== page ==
I decided to have another walk around the fair to think about this prospect and returned 15 minutes later. “Just so you know mate, I’ve had a theatre company want to buy it”. That line sold it. I promptly opened my wallet and purchased the gramophone on the spot. No theatre company was going to stop me! I was handed a few 78s with this purchase: an Edison Bell nursery rhyme disc, a Sam Lanin Parlophone record and a classical record. Thrilled with my new purchase, I took it back to my student lodgings and wound it up. Placing the needle on this record was a magical experience – I was delighted. The date was 25th September 2009, and I didn’t know it but my life had changed direction from then on.
The next day, I went back to visit my grandparents and decided to take the gramophone to show them. That day I learnt how fragile 78s are, the classical record being broken by the train barriers at Lincoln station! My grandparents were extremely surprised to say the least, and my grandmother was horrified I wasn’t changing the needle after each record. Together we cleaned the Columbia up, and I thanked them for their advice.
When I returned to university, I decided that I should purchase some more records for the machine. It had since been overhauled by a clockmaker, and I was regularly using it to play records on – much to the dislike of my flatmates! eBay seemed the best place to buy records at the time, and so I bought my very first 78rpm – Duke Ellington’s “Black Beauty” piano solo, followed by more and more Bix records.
After more research, I discovered that playing these records on my gramophone would lead to permanent damage. So back to eBay I went, and found a very cheap and flimsy deck which had a 78rpm speed. I was finally able to digitise my records for listening wherever I wanted! It was also at this time that I decided that there wasn’t enough Bix music on Youtube, so I used a track from the CD I bought and put it online with a few photos of the famed cornet player. The reaction was positive, so I continued to do more uploads in the same format.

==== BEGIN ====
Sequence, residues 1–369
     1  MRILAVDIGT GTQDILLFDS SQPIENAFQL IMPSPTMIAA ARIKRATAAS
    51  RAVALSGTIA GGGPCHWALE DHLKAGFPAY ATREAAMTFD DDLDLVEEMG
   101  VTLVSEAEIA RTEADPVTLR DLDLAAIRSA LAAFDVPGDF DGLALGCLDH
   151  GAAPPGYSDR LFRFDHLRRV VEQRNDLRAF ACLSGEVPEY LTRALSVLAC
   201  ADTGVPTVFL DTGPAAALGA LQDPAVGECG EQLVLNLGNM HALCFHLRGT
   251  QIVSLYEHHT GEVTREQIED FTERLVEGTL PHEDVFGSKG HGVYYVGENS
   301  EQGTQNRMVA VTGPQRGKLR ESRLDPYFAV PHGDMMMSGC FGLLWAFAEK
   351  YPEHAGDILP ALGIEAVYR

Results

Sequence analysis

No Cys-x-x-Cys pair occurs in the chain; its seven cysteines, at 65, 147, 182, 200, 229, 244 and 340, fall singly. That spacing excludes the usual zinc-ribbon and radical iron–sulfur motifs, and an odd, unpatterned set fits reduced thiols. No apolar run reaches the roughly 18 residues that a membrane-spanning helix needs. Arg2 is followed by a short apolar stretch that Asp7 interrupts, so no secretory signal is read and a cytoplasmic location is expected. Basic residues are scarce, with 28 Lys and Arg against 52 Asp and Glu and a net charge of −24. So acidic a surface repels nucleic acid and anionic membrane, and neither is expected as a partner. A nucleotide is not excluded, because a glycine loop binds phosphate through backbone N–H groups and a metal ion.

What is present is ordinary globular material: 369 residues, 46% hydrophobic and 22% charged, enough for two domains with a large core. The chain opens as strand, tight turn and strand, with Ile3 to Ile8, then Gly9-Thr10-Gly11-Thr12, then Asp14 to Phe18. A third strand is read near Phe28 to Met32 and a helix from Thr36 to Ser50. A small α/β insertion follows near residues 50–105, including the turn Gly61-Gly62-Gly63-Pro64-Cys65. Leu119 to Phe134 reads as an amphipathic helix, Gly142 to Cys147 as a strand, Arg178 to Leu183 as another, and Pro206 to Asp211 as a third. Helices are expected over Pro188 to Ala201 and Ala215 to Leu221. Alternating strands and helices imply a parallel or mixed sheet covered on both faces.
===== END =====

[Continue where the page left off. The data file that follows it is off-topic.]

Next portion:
As the months went by, my collection slowly expanded and my Youtube channel also took off. People started writing to me with thanks for sharing this music. I started using my modern deck as well, and posted the raw transfers online, but I was never quite satisfied with the results. I began to hunt for ways to make my transfers as good as the ones on the CD, and came across a few forums and people who could help me. I slowly learnt every technique I could to digitally restore these songs, and conveniently discovered that the software on my university course was a big help to me.
It was in 2011 that an odd comment appeared on a video I had uploaded of Edward VIII’s abdication speech on Youtube. “Hi, I am working for a Japanese TV company who are making an educational programme on the Duke of Windsor, and wondering if you could help”. Thinking it was some sort of scam to steal my gramophone, I replied and arranged to have them visit my house for my filming. On the 24th February, 2011 there was a knock at the door. They had arrived, complete with boom microphones, three different types of cameras, and a translator – their equipment filled my entire front room! I was grilled on this record for over an hour, then they filmed me at university much to the bemusement of many students! Being on Japanese TV made me a local celebrity in Lincoln for the week, and it was a wonderful chance to show off this new hobby. My family were desperate for me to sell the gramophone and my records until Japanese TV showed up!